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Metal/Prog Metal Interviews

Brazen Abbot

Interviewed by Greg Olma
Interview with Nikolo Kotzev of Brazen Abbot from 2005
MSJ: This interview is available in book format (hardcover and paperback) in Music Street Journal: 2005 Year Book Volume 4 at https://garyhillauthor.com/Music-Street-Journal-2005.

Your new album is called "My Resurrection." Is there a deeper meaning to the title?
No. This is a question I get a lot. The thing is, usually when I give a name to the album, I always wait until the last moment. I wait until I see how the songs will turn out. Usually, when one of the songs, has a special quality that I really like, I consider calling the whole album after it. This particular song, that just happened to be called "My Resurrection;" that's how it went. So, there is no deeper meaning, it was just that the song "My Resurrection" felt like a good opener. It had a strong name and I just went ahead and used it for the album.
MSJ: In a lot of your albums, you have many different subject matters in the songs. What do you use for inspiration; books, movies, life experiences?
I wish it was that simple. For this album, the latest album, My Resurrection; first of all, it's not me who writes the lyrics. It's the singers, and I will give them directions, I will try to guide them, probably jump in and help out in some places, but mostly the singers come up with the main ideas. And what I usually do, I will call every one of them and give them guidance or direction for this particular album. For this album, all I told them was "we are not going to have any love lyrics, not going to have any politics, so write about anything, Earth, people meeting from philosophical angles, your projection of things, the world through your eyes, your personal feelings about life" and stuff like that. I just wanted to try to spread to more philosophical subjects than just the simple rock subjects that are being used by so many bands.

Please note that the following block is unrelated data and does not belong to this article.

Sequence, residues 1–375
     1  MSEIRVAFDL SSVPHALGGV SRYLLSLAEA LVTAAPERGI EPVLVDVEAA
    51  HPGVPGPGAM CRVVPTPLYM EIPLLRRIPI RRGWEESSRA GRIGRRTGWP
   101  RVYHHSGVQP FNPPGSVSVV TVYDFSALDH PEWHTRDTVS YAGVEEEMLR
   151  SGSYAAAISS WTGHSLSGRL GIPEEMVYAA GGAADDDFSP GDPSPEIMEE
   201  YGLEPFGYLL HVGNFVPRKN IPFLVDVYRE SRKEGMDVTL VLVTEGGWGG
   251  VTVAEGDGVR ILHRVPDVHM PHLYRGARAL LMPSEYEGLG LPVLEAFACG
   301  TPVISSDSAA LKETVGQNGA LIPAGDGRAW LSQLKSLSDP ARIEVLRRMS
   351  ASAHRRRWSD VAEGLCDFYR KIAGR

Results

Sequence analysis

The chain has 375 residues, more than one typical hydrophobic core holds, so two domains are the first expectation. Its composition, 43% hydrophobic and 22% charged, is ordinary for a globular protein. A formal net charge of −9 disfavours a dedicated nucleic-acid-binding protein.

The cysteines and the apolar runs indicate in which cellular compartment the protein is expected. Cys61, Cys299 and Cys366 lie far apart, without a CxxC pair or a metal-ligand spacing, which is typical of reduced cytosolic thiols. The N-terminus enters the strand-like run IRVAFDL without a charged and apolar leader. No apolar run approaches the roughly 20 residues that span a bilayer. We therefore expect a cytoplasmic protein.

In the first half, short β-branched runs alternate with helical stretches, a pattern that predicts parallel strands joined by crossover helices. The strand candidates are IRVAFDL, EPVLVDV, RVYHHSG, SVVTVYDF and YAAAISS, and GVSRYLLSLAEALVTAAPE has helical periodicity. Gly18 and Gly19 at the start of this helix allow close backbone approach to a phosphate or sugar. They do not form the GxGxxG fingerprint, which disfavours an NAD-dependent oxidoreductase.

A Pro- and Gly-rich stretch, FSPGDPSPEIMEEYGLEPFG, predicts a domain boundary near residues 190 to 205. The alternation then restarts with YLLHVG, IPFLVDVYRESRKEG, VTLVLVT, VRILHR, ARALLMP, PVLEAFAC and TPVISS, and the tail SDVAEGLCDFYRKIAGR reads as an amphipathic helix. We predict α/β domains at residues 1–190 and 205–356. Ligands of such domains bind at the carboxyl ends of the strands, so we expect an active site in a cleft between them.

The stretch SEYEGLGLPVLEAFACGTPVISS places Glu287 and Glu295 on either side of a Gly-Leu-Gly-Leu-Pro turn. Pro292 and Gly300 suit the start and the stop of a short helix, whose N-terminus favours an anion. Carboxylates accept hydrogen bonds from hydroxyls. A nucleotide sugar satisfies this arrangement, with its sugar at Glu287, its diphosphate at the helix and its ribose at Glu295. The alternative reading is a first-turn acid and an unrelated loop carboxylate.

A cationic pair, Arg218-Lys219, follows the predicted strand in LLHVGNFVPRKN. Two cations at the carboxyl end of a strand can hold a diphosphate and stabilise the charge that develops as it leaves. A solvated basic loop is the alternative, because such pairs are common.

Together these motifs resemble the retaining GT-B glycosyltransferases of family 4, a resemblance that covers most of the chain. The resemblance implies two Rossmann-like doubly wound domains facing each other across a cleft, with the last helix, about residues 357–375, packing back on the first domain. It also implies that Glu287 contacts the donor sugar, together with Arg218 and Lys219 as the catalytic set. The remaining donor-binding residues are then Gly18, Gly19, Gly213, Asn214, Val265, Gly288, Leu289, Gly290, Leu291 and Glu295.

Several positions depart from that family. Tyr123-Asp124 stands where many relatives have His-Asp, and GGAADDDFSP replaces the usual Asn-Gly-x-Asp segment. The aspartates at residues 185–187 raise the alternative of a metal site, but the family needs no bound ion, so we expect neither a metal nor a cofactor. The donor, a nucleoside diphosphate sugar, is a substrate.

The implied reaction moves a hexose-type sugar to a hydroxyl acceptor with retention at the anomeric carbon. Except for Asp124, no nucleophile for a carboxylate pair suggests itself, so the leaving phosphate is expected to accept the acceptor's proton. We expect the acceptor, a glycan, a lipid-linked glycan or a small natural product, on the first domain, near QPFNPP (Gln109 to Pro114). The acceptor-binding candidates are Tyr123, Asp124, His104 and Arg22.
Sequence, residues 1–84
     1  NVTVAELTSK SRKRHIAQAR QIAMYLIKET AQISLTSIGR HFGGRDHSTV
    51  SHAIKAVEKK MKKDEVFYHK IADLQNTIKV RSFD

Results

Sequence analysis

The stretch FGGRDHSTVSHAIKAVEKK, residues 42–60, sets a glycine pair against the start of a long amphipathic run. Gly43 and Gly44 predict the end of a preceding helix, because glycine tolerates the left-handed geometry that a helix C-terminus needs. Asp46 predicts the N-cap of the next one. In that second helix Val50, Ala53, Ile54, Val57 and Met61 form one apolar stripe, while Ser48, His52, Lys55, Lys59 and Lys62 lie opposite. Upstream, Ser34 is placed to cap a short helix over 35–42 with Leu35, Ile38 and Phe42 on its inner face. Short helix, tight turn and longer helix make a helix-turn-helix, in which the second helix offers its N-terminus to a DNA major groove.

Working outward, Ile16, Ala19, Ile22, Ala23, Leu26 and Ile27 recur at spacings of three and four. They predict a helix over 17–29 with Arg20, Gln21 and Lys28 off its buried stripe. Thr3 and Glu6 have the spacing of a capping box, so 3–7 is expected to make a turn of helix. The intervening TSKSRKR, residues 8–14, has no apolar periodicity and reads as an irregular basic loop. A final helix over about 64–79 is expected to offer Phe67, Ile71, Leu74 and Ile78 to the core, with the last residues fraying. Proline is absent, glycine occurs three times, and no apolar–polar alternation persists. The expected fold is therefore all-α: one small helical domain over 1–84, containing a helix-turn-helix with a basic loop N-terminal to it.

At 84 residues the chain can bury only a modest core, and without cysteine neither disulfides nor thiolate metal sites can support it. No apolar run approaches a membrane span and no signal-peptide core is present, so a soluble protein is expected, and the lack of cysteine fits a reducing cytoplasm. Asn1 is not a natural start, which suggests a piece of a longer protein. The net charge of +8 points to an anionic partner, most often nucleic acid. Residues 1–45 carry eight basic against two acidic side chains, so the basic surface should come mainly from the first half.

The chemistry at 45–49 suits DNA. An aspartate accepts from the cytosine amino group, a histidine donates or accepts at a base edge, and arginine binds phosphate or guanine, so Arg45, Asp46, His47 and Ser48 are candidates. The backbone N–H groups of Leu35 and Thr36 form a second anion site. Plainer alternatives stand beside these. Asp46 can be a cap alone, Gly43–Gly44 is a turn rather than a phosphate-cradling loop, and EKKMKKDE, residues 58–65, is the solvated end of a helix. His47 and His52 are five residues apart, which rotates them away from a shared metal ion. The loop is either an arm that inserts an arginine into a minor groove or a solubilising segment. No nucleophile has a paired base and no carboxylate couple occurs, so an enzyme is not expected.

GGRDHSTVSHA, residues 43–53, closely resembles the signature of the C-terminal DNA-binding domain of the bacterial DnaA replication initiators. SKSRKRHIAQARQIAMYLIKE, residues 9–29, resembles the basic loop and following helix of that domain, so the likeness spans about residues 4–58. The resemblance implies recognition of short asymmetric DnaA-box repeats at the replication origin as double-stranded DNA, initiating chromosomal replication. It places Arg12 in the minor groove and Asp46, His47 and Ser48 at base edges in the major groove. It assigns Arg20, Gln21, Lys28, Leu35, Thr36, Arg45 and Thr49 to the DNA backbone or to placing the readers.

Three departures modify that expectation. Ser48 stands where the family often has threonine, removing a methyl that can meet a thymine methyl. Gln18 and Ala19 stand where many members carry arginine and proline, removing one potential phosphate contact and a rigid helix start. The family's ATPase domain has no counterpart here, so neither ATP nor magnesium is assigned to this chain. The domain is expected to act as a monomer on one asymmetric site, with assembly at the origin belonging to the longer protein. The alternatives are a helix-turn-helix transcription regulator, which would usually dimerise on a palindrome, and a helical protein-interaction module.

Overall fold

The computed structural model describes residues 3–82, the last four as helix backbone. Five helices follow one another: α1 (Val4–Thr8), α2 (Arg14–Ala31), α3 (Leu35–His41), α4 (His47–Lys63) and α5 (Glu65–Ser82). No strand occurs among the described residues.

MSJ: When you write music, do you write for a specific singer or do you let the singers choose their songs?
Well, it is both actually. I usually, I often don't know who all the singers will be on the particular album. Obviously, my main objective is to make a Brazen Abbot album and which I'm writing the music which will fit with the album. Half way through, I kind of start feeling, this song would fit this and that singer, and this song would fit the other singer. Once I get that feeling, I kind of use it to mould and shape songs more towards the style of a particular singer. So, my main objective, my goal, is to write a good song and after that, I will try to adjust this or that. Sometimes when it's ready, I feel in the end, the song is best for this or that singer. I will call all the singers and I will tell them "I feel like this, I got 11 or 12 songs, and I feel we should have this, and this, and that, and you should have this and that, whatever is left is for the 3rd one. Usually, that's the way it works. Sometimes the singers kind of feel stronger for another song and I'm flexible, and we'll see what we can do. In case we are all unanimous about it, we just switch, but it doesn't happen really often. Since I know the songs very, very well and I know the singers as well, usually my first pick is OK. We always want to do the best possible for the songs and since I have been blessed with such fantastic singers, it usually turns out very good.
MSJ: Even though you have different singers, there's such a consistency that I don't realize I'm listening to a different singer.